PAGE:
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AMZ8990

Fall 2020 Discussion

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Time to wake this place up after a few days nap.  Looks like LR models are again signaling a cool-off in the East just after ten days(we know the drill when we hear "ten days").  Anyway, I suspect modeling is on to another shot of BN air entering the Lower 48 in the d10-16 time frame - maybe even a bit earlier.

edit: Euro OP has it inside of d10.

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On 8/25/2020 at 11:29 AM, AMZ8990 said:

4 weeks until fall y’all,  We are getting closer!!  Fun fact- in Memphis we’ve had four LA Niña winters since 2010.  3 of those 4 years produced measurable snow days.  1.8in on January 16th, 2018.  2.0in on January 6th, 2017.  And 3.1in on February 11, 2011.  January has been the best winter month for Memphis in La Niña setups over the last ten years statistically. ENSO neutral conditions have favored more December snows with 2 separate systems dropped .9in on December 26th, 2012, and a trace amount on December 30th, 2013.  The daily snowfall record in Memphis of 14.3in also fell during a moderate La Niña on December 22, 1963.  Long story short- La Niña winters are historically good for west Tn.  Soon I’ll crunch some numbers and see how that translates to east and middle Tennessee winters.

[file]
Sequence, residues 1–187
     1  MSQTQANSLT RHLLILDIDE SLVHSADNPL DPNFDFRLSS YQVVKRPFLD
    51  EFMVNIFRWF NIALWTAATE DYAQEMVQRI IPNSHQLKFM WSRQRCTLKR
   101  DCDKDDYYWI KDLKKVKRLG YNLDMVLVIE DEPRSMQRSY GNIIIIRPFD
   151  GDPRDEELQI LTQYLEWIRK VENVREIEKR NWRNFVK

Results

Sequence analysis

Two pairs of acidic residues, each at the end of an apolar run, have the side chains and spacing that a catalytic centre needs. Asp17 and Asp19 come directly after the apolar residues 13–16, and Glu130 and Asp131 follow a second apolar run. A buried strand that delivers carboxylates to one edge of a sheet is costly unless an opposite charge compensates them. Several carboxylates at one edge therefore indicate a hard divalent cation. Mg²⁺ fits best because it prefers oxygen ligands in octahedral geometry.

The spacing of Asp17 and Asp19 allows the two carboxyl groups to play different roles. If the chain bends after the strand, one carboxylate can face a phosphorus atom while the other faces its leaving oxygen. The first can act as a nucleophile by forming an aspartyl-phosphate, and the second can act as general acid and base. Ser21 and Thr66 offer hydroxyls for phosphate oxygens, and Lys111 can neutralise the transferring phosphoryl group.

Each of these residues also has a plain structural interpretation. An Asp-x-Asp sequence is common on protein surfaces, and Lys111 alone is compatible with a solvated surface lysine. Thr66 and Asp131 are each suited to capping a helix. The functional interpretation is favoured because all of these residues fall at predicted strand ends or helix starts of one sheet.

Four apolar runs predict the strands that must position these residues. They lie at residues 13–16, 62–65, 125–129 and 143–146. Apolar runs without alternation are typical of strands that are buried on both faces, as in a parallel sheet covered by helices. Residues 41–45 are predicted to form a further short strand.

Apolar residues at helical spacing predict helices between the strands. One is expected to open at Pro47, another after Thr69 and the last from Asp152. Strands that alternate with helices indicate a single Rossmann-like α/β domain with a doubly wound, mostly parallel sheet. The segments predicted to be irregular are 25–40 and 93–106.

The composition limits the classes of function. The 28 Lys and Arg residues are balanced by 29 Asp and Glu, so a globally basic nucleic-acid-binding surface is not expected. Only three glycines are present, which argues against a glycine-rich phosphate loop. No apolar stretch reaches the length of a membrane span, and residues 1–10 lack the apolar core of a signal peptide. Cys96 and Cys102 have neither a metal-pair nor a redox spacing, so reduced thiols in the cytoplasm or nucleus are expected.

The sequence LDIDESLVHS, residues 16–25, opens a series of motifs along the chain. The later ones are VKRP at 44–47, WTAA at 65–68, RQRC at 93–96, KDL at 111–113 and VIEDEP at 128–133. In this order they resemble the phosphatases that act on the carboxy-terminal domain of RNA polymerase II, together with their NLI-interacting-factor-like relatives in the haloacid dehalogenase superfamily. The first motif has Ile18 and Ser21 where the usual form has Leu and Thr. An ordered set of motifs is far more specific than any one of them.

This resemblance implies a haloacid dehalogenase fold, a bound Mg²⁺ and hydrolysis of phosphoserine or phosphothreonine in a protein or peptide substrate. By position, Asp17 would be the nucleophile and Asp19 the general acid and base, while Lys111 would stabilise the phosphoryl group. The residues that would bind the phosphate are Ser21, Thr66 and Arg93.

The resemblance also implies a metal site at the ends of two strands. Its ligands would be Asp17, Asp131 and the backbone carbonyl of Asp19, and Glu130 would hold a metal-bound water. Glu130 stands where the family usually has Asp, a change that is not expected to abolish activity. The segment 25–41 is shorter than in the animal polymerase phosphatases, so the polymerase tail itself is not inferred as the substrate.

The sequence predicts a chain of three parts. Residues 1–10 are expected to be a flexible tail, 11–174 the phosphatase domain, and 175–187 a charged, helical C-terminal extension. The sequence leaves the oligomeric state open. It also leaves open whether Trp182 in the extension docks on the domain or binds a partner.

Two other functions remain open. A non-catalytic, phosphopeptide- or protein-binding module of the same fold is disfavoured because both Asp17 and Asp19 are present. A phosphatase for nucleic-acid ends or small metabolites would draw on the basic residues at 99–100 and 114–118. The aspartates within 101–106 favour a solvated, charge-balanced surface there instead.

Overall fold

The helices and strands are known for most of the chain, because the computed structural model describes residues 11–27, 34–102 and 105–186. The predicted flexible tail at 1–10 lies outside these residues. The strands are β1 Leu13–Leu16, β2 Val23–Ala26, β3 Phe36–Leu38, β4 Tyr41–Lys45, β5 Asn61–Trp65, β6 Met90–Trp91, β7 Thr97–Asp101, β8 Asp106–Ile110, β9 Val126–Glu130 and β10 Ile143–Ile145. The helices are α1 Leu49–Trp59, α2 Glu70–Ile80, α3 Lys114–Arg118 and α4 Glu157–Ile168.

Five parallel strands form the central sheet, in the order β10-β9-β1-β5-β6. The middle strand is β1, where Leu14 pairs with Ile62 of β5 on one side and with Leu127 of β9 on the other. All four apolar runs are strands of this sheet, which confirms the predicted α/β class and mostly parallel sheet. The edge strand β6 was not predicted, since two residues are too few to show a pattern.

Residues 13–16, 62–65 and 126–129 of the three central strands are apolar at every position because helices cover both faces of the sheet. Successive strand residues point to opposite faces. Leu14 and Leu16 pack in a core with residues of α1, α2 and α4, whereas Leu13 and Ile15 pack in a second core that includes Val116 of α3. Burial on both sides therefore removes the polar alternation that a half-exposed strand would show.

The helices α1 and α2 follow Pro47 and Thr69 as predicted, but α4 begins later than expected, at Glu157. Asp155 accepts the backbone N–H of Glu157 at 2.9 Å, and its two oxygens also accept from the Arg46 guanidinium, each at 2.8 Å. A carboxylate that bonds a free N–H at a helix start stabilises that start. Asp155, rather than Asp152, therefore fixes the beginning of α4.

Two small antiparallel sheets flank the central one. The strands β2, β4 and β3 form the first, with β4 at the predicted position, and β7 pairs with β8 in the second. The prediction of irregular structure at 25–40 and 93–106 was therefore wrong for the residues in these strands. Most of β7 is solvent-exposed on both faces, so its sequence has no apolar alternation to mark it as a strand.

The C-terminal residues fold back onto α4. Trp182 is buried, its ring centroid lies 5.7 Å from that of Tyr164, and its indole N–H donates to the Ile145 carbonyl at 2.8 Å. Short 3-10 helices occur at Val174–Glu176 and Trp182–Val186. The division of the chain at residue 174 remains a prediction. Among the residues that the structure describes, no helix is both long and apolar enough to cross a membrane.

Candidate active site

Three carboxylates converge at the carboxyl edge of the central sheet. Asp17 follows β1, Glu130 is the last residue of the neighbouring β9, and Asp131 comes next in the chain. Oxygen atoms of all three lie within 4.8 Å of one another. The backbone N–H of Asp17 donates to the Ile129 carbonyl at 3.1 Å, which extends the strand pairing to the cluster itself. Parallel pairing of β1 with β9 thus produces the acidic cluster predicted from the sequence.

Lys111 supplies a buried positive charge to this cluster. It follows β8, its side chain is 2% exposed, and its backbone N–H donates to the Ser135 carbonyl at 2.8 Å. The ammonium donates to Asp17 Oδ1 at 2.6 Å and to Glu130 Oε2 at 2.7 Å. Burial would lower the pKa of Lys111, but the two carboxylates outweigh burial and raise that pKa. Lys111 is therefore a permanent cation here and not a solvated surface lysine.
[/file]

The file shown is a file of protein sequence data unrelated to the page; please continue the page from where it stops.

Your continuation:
The 1960's were great winters in the Mid-South; Nashville area got some great snows December that year as well. The big boy was on New Years that year that went just to the south of Nashville, we got snow but Huntsville and southern TN got hammered. 

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I saw some 1965 hype, but didn't check snow. Severe wx that spring, lol!

My guess is Memphis and Nashville will do OK this winter. Southeast Tenn will be blanked, or have an upper low surprise. All or nothing, lol!

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7 minutes ago, nrgjeff said:

I saw some 1965 hype, but didn't check snow. Severe wx that spring, lol!

My guess is Memphis and Nashville will do OK this winter. Southeast Tenn will be blanked, or have an upper low surprise. All or nothing, lol!

Well, it doesnt take much to be a better season that the last several lol